Mr. Ludington: I think it's been a tough road for Ruby Tuesday over the last few years. I believe they made the absolutely right decision at the absolute toughest time to make it, and that was to reposition themselves up and out of the bar-and-grill segment in casual dining. It was difficult for them to compete with the much larger players, Chili's (EAT), Applebee's (DIN), Friday's and the like. So they have definitely improved their menu' they've remodeled the entire system. It is a better-quality experience and a better-quality menu now, and I think going forward you are going to see consumers continue to respond favorably to these changes and continue to really discover the new brand versus what they remember Ruby Tuesday had been in recent years. They are also coming off of what could really be considered trough earnings, trough margins and trough top-line performance over the past two to three years, when they were in the middle of this whole transition while the casual dining space and the economy were falling apart.

TWST: You mentioned Darden may be undervalued.

Mr. Ludington: I believe so. Darden came out and they had a miss in their fiscal fourth quarter on the same-store sales line and on earnings, and they came out with very positive guidance. So I think you are seeing a lot of investors say, "Prove it," at this point. I think it's very likely that they do hit their guidance of positive same-store sales, solid earnings growth and margin expansion this year. They have a lot of cost-savings initiatives in place that will be sustainable cost-savings. We've seen the turnaround effort at LongHorn show great improvement with same-store sales turning positive and improved profitability in recent quarters, and I think Darden likely will see Olive Garden and Red Lobster turn positive as well, as the consumer, in our view, gets a little more confident in the coming months.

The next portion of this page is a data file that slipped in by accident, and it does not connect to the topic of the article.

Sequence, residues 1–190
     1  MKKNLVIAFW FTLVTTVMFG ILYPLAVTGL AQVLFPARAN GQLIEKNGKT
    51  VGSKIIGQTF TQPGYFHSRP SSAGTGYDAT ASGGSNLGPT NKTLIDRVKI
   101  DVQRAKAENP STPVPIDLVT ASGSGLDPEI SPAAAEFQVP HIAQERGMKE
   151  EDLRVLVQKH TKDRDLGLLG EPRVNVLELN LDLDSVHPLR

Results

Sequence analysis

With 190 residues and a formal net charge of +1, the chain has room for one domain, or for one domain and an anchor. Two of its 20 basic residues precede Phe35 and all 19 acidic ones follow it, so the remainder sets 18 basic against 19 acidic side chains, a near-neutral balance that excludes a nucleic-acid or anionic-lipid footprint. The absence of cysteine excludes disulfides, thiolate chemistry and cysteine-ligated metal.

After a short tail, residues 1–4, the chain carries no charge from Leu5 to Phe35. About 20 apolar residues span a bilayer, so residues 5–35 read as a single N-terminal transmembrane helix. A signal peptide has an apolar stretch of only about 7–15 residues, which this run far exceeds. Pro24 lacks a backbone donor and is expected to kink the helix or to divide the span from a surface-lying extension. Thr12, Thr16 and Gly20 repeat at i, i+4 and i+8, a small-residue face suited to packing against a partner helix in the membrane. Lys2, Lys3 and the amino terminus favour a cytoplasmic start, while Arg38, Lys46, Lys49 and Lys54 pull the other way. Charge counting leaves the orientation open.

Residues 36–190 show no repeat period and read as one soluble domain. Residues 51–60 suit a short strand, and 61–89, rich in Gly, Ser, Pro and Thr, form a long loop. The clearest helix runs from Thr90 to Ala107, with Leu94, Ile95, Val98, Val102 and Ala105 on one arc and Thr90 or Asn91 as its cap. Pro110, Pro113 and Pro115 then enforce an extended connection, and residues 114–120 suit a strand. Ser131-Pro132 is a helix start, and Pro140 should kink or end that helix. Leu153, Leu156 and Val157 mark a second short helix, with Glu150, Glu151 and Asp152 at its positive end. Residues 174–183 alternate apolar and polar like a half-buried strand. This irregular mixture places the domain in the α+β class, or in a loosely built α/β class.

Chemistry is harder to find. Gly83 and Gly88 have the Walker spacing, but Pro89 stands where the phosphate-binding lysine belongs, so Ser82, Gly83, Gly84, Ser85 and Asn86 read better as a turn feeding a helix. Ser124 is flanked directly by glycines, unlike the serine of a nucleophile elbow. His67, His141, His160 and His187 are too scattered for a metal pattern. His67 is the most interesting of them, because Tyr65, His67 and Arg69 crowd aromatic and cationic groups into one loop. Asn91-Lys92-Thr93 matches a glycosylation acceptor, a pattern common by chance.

TWST: Anybody that you are high on outside of the casual dining sector?

Mr. Ludington: We have a "buy" rating on Sonic (SONC). They have severely underperformed in the last couple of years and have had a lot of issues, but I think that they have made a strategy shift where they are focusing on their brand identity and the differentiation versus trying to compete with the bigger players, similar to Ruby Tuesday's situation previously. It's hard for them to compete with the bigger players, the McDonald's (MCD), Wendy's (WEN) and Burger King's (BKC) on their own turf, where you are just trying to advertise the best meal deal or your dollar menu. Now they are focusing on the differentiation of skating carhops, the differentiated product offerings and the differentiated experience, where you pull into the stall and someone comes out and actually serves you. They are also focusing on improving product quality, where I think there is some concern that product quality was maybe lagging in some areas with Sonic previously.